Take this one step at a time.
First connect up the motors and switches one axis at a time and test fully for direction and limits switches both electronic in the CNC software and or as hardware switches.
Secondly connect the 'estop' switches as per Support.
Thirdly consider the mains isolation as a separate issue. The local health and safety rules are different for each region and there is some confusion over the terminology. The health and safety view is that the machine should stop as quickly as possible into a safe state so that the injured can be extracted with out causing additional harm to either the victim or those providing assistance. There are also recommendations on the sitting and type of switch used and in particular the restart.
The other view is the temporary stopping of the machine to permit moving of clamps and or tool changes due to breakage. The ideal is to stop the software chain of CNC commands to permit the work operation to resume - this is not practical in my opinion!
One solution - not necessarily the best - is to use the local red buttons as per the GECKO application notes and to provide the mains supply with a contactor (mains high current relay in the local fuse box) operated by multiple red buttons of the approved type at the various locations around the work area. This relay / contactor then removes all external power for all machines in the area but you must consider linking these two somewhat dissimilar stop systems if the individual machine continues to operate after the mains input power is removed. Large saws and hydraulic machines are but two examples where consideration of the run down time needs special consideration.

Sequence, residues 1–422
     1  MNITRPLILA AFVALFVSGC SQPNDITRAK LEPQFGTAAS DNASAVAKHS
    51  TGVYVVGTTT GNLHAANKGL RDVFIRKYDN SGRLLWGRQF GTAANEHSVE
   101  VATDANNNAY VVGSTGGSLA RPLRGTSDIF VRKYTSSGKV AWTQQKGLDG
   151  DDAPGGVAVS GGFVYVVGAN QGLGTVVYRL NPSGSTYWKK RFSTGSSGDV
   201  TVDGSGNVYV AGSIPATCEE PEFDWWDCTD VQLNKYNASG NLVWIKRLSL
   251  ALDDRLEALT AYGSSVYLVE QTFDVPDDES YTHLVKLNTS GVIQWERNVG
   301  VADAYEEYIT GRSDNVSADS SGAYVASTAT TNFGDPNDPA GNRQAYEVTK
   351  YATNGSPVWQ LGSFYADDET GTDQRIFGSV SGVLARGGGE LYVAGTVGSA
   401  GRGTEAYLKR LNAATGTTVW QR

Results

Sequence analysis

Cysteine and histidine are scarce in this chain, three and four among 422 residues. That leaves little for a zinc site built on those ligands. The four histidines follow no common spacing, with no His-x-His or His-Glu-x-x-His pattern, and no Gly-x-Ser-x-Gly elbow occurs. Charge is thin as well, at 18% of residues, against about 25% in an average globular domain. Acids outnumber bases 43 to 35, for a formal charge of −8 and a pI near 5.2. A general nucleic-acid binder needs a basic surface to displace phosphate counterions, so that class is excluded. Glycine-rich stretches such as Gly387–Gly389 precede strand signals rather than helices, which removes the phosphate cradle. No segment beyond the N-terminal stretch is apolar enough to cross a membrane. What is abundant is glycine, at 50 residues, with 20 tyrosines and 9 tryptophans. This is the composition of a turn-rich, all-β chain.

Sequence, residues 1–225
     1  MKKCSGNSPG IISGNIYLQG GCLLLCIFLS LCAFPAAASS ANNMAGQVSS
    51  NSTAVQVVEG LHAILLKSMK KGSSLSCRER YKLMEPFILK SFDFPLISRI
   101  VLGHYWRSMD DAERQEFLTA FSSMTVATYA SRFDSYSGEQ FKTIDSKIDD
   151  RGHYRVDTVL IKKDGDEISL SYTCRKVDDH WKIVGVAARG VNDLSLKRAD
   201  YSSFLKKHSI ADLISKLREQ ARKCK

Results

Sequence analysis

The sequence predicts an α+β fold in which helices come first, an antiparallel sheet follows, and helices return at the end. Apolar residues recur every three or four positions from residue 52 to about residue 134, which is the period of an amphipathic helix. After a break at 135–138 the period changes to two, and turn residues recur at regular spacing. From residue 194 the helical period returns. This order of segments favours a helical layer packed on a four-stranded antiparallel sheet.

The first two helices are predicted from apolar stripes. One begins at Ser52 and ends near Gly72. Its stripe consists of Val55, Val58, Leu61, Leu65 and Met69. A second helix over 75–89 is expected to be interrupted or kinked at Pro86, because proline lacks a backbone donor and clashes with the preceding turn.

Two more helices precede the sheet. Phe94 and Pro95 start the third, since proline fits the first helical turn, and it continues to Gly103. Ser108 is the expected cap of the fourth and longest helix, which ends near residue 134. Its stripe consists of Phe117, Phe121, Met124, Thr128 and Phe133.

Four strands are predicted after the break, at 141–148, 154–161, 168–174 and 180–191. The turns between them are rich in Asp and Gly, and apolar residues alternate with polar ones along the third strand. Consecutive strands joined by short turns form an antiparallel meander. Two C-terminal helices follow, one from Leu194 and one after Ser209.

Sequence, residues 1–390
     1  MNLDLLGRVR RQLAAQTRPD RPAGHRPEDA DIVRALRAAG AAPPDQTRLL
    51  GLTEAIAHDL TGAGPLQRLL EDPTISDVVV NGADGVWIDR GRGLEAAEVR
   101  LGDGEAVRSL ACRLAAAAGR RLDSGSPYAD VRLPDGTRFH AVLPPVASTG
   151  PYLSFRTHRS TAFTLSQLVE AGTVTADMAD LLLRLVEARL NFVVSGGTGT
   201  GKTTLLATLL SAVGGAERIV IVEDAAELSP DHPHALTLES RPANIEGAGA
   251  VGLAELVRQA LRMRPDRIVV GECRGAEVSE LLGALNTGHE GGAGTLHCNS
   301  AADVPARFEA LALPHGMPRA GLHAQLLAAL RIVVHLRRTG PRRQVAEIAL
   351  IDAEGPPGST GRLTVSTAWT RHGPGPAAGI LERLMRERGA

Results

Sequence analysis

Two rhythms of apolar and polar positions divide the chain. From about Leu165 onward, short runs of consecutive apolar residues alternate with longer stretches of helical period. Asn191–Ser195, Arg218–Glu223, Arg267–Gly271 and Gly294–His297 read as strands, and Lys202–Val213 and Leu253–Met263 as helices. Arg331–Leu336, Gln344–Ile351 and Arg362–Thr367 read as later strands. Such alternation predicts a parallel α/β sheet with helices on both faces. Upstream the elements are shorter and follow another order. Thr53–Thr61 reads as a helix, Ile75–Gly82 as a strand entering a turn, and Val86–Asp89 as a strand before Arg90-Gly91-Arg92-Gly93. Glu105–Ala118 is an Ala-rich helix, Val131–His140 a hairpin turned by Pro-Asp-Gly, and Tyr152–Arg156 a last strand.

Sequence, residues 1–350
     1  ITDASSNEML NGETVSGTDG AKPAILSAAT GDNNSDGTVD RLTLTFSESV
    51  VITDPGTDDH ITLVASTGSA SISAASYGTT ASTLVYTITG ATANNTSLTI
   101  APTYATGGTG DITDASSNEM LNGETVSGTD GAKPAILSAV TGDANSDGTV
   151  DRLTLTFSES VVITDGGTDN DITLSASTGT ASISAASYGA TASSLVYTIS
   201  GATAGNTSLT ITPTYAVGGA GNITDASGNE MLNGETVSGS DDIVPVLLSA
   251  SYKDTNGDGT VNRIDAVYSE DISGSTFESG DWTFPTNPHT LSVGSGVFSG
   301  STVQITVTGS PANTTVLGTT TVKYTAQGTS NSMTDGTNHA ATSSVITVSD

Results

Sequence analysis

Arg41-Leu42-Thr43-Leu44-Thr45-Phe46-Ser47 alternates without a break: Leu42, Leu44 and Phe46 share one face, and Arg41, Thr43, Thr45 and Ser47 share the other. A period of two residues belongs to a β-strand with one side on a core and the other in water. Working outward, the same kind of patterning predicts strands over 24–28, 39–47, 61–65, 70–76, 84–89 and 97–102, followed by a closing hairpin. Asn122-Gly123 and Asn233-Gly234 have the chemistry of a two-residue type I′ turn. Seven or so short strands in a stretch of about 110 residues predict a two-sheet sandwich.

I use red buttons to isolate the workshop from the mains supply (not lighting!) with a key operated reset. I use the key to act as a reminder that the red buttons are for emergency stop not routine use. Each machine is also provided with its own start stop switches in convenient places for the operator. However I am not suggesting that this meets the safety requirements nor any legal responsibility to protect both the operator and any visitors and I would advise seeking out the local requirement for safe operation.
Last as to the switch terminals - just use a battery and bulb to discover the switch connections it is possible that there will be terminals that are not used and the switch may also only be low current / voltage which is why an auxiliary relay / contactor in the fuse box should be considered. I use the contactor as a no volt detector as my mains supply is reasonably free from breaks and glitches. The red button switch looks to be of standard design The red pair and green pair are separate switches and are of the normally open or normally closed change in state being effected by the possition to the switch which may / should latch in the pressed state and be released with a twist. The rotary switch is normally used as a manual control for the motor rotating the primary spindle not for CNC so I suggest this is not going to be part of the CNC side of the machine controls. I can't think of a suitable use for this switch nbut some one else may chip in with a suggestion.